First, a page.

Judah had great faith in God’s promise as evidenced by the fact that they placed singers in front of the soldiers (2 Chronicles 20:21). Throughout the Bible God defeats Israel’s enemies by confusing them and making them fight amongst themselves as He does here (2 Chronicles 20:22-24). He will do the same thing in the War of Gog and Magog which we will read about later this year.

No one can be saved without believing. And no one can believe without hearing the Gospel. And no one can hear the Gospel unless they are told it (Romans 10:14). That is why it is so important for those of us who know how to be saved to tell people. Whether they believe or not is their choice. But they can’t believe unless they hear. And they can’t hear if believers keep silent.

Even though Israel had rejected God, God had not rejected Israel (Romans 11:1) and Paul was proof of that, being a Jew himself. God does not need a lot of people. He can work with only a handful of people and he did so with the small number of Jews in Israel who actually did believe including Paul and Jesus’ disciples.

The Jews had been tripped up by their very relationship with God (Romans 11:9). They recognized that they were chosen by God to be His people on earth. The problem is they thought this extended into eternity and it did not. But all is not lost with God. He is the God of the second, third, and thousandth chance (Romans 11:11)

In our world today our leaders pride themselves on obtaining their position through hard work and self effort. They give zero credit to God. But in Psalm 21 King David, who ruled over Israel, recognizes that his success is 100% attributable to God. Even if we are not political or world leaders, or even a leader at our job or church, we all need to recognize that everything we are and everything we have is from God.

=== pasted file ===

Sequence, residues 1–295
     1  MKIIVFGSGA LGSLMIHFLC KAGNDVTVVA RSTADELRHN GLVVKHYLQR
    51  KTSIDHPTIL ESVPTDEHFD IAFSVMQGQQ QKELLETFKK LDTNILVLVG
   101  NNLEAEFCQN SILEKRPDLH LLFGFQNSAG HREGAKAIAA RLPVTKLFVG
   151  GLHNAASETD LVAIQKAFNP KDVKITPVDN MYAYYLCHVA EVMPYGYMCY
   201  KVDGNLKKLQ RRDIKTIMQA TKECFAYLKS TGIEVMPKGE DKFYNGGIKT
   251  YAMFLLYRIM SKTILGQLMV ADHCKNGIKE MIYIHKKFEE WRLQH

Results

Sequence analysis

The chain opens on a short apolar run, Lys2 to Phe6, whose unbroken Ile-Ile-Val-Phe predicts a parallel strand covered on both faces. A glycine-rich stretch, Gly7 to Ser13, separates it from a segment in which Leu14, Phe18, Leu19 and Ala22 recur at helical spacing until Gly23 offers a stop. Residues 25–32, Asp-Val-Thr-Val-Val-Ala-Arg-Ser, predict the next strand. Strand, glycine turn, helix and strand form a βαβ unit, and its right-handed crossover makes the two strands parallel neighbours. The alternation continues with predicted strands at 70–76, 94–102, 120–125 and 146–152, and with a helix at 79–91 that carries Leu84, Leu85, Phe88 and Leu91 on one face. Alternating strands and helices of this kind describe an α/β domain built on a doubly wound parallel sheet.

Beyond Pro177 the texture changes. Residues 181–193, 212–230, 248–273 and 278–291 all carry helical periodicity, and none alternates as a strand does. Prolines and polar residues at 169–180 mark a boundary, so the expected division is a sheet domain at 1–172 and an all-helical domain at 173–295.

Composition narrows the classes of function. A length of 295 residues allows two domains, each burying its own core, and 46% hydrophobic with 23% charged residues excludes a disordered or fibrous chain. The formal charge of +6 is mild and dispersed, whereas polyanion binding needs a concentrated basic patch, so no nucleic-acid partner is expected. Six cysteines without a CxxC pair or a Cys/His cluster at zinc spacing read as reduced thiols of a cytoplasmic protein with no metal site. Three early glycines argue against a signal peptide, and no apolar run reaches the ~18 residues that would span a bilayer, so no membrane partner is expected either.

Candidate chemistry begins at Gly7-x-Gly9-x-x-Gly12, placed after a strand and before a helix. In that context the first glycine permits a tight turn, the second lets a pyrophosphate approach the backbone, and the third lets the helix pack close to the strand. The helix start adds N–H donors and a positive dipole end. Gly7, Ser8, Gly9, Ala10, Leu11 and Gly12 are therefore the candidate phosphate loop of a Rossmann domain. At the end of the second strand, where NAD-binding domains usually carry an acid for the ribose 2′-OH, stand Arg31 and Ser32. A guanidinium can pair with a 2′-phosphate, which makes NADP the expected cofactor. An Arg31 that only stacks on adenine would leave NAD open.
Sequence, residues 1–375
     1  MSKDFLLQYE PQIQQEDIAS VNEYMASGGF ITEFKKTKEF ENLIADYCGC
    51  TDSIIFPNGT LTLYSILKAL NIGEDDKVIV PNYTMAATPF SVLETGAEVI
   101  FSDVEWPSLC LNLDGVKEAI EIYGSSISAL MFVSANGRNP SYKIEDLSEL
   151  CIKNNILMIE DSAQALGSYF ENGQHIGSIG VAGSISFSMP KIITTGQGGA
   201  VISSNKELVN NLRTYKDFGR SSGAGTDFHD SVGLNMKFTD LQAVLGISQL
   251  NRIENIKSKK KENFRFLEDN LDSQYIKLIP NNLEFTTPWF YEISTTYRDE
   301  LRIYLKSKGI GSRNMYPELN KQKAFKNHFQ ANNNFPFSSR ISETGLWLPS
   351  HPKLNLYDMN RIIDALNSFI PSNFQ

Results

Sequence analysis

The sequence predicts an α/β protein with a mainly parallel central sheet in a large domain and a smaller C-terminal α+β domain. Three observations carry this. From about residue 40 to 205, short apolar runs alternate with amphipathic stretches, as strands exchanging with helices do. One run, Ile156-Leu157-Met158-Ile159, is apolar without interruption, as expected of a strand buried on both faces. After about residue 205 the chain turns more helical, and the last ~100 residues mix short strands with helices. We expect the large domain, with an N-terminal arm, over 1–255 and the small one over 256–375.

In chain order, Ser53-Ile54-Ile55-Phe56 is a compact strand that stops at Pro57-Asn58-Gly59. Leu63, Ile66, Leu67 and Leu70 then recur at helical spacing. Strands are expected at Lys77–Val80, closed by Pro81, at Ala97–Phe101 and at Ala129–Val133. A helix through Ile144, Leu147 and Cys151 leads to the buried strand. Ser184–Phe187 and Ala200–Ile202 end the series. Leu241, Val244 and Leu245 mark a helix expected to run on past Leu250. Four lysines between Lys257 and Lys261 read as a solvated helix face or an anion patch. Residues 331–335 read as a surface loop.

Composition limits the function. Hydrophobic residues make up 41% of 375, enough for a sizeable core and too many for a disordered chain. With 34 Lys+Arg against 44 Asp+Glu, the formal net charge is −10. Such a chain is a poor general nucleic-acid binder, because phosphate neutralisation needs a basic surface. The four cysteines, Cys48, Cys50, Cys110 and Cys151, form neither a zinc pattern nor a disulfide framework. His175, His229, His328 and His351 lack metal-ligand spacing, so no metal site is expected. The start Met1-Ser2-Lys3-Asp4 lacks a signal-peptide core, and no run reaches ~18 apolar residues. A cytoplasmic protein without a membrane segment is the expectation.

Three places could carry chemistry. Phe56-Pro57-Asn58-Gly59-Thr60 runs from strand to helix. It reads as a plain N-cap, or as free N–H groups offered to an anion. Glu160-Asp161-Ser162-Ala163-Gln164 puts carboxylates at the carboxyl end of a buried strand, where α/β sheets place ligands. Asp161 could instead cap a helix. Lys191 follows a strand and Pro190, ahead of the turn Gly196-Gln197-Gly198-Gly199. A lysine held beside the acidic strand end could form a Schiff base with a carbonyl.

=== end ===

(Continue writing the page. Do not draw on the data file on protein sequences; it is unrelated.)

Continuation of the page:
Comments? Questions? I’d love to hear from you. Please feel free to contact me about this post

Great Zeal

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Today’s Bible reading: 2 Chronicles 4-6:11; Romans 7:1-13; Psalm 17:1-15; Proverbs 19:22-23

The next king after Asa was his son, Jehoshaphat. God was with Jehoshaphat because he did not worship false gods and instead sought God and obeyed His commands (2 Chronicles 17:3). The principle is clear – and is one we’ve already read dozens of times thus far this year – if we stay with God He will stay with us. If we abandon God He will abandon us. God gives us what we want.

As we read through the Bible it sometimes sounds like God is a broken record – saying the same thing over and over. But that is because we are slow to understand. We need to be told what to do repeatedly before we do it, if we do it at all.

Can you imagine the President of the United States sending people throughout the country to teach the Bible? That is exactly what Jehoshaphat does in 2 Chronicles 17:7-9. There is no separation of church and state according to God. There are only believers and non-believers. And the believer’s job is to tell the non-believers about Him.

This includes leaders who will be held accountable for the people they lead. Recent U.S. presidents will have to answer for the spiritual well-being of the 300+ million people they lead. I wouldn’t want to come face-to-face with God having to explain that I, as president of a large nation, lead all those people away from Him.

Jehoshaphat makes a mistake in 2 Chronicles 18:1 when he marries Ahab’s daughter. Creating political alliances through marriage to keep peace was not unusual back then, but Jehoshaphat should have relied on God, not politics to protect Judah.

Before going into battle Jehoshaphat rightly inquires of God (2 Chronicles 17:4) but not before he already committed himself to go (2 Chronicles 17:3). He should have done this the other way around. As we’ve already read, breaking a promise, even a foolish one, is a sin. So no matter what the prophets said, Jehoshaphat was obligated to go to war.